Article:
String of criminal acts caught on camera in Rice Military area

HOUSTON - It's a neighborhood crime alert: A rash of criminal acts caught on surveillance video in the Rice Military area.

Many families said they are losing sleep over the crimes, because the thieves are striking at night.

After Christopher George moved into the neighborhood in the 5000 block of Lillian Street last year, he was confronted with something he’d never encountered before on May 23, 2016.

A prowler tried to open his door, then began going through his mail.

Fearful with his wife upstairs, he held the man at gunpoint until police arrived to arrest him.

After that happened, he decided to beef up his security video system.

Over the last six months, the cameras have recorded a parade of questionable late-night visitors, mostly intent on burglarizing cars.

The camera recorded suspects regularly checking to see if doors were locked.

The burglars cleaned them out when they weren’t.

WATCH: Surveillance video of Rice Military car break-ins

One man was seen on-camera using the reflected light to evaluate a pistol he’d just stolen out of a truck.

“I’d say it happens twice a week, if not more. It happens so consistent it’s just ridiculous,” George said.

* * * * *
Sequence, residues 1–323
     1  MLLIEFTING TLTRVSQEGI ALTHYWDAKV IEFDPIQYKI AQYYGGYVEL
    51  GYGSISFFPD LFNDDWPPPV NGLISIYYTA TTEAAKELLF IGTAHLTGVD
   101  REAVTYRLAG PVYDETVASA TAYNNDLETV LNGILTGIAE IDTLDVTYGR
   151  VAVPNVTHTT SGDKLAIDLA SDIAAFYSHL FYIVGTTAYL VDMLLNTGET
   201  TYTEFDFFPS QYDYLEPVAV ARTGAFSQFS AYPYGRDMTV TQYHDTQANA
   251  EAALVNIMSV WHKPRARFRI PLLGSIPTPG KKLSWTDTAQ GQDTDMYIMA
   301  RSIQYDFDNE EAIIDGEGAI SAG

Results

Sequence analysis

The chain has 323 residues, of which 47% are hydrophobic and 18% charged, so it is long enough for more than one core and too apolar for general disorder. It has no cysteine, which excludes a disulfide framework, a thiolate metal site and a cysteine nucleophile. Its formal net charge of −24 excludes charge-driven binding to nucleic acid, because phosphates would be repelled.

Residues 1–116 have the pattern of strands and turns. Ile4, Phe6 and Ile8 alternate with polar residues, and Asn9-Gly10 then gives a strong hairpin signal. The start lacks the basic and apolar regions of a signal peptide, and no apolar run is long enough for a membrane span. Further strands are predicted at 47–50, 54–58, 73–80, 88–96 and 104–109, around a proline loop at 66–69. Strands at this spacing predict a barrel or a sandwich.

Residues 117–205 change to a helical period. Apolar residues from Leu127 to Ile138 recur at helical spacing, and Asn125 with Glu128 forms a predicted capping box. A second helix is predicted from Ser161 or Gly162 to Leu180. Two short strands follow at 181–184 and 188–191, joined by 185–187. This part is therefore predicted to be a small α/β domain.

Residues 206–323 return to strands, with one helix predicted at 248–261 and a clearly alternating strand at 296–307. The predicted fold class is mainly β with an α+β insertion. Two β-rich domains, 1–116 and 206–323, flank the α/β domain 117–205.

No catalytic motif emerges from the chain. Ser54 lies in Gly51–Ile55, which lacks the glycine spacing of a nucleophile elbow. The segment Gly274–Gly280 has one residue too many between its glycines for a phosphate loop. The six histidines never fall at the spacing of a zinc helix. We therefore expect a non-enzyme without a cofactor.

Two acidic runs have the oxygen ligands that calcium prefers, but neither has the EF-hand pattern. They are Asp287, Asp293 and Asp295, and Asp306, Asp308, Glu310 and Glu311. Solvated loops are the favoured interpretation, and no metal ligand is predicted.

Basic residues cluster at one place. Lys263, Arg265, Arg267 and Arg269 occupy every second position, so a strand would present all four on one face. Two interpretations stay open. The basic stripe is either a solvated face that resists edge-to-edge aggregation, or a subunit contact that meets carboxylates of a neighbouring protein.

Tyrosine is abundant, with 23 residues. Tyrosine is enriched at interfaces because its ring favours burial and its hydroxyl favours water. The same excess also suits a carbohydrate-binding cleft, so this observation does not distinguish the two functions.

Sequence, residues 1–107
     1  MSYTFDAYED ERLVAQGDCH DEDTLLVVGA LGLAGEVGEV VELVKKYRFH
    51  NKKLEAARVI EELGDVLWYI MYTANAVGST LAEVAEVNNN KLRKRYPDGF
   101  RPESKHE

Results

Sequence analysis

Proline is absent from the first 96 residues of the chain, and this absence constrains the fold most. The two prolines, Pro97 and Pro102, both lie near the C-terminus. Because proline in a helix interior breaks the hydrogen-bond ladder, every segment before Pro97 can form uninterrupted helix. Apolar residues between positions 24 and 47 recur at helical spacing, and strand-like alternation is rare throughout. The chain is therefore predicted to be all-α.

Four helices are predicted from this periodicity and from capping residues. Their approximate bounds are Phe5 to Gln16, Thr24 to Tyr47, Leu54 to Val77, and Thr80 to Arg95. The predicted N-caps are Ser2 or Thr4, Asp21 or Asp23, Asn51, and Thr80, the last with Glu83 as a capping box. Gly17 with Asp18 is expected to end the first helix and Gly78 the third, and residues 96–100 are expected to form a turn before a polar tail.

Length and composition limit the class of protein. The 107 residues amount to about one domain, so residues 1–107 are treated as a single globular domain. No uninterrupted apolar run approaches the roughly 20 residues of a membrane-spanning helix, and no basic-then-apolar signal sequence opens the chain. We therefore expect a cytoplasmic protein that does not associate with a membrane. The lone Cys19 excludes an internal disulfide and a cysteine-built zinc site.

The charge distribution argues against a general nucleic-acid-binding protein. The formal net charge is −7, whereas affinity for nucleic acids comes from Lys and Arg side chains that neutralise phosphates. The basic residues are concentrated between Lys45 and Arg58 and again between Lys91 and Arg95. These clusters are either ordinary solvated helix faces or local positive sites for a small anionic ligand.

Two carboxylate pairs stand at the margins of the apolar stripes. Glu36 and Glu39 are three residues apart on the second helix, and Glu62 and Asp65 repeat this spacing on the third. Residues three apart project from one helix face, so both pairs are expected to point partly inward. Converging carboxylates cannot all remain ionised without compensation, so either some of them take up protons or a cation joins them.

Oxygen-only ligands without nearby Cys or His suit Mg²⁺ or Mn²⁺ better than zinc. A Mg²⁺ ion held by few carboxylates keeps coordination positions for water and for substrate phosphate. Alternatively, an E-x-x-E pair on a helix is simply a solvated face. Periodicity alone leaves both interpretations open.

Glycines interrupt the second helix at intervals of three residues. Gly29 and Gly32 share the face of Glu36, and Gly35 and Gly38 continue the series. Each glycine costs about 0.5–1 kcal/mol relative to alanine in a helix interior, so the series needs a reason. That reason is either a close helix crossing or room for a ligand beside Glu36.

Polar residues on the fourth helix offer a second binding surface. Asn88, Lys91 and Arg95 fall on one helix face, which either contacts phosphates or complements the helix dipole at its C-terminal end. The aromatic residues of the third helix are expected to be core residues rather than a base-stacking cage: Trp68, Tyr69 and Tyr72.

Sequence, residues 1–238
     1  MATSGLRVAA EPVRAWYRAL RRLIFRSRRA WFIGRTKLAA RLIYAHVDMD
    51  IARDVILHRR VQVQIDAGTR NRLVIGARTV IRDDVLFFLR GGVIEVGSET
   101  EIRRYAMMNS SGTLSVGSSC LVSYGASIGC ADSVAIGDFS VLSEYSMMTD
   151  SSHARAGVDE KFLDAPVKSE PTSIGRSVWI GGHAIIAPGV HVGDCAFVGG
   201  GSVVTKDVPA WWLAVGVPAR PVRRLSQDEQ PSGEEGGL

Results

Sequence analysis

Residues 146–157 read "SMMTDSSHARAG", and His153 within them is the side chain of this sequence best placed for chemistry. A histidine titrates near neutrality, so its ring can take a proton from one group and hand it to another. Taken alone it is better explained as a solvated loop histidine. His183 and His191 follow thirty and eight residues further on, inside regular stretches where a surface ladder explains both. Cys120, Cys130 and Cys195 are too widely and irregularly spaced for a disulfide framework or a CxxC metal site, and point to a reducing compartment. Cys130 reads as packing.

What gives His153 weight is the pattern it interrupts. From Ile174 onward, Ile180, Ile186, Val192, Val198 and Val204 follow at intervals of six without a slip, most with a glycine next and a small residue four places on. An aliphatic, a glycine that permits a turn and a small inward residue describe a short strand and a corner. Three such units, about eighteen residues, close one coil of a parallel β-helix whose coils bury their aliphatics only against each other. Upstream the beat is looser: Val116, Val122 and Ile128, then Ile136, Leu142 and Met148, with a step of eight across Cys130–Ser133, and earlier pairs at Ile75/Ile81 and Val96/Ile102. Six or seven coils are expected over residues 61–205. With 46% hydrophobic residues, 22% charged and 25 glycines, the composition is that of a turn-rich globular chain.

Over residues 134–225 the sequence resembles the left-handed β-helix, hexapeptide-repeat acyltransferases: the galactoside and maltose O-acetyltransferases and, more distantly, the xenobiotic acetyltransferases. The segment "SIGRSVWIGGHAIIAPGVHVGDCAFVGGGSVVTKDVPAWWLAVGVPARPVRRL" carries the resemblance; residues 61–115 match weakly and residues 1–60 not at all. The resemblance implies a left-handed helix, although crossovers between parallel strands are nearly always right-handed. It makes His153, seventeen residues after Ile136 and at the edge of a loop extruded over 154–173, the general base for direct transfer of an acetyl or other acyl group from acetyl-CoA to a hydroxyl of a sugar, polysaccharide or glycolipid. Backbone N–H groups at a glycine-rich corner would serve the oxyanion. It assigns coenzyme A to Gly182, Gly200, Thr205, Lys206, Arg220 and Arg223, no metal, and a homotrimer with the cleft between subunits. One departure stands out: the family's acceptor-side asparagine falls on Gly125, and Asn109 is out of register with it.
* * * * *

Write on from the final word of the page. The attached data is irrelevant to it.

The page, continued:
George said it prevents him and other residents from feeling safe in their own homes. They want more police patrols.

"We’d like to get more coverage in the area to hopefully thwart some of that activity between certain hours, it’s not that hard to figure out,” George said.

Police said vehicle burglaries are a growing problem everywhere in the city.

"We have anywhere between 100 and a 120 cars broken into every single day in Houston. That’s every single day," Sgt. Tracy Hicks said.

Between Jan. 1 and July 31, 21,411 vehicle burglaries were reported in the city.

That number is up 10 percent over the same period last year.

Hicks, with the Houston Police Department, blames that on internet marketing sites that provide a ready market for stolen goods.

He also said vehicle break-ins are easily preventable by taking valuables out.

“One of the biggest things people could do to help us is simply locking your door. Half the car break-ins are people didn’t lock their door," Hicks said.

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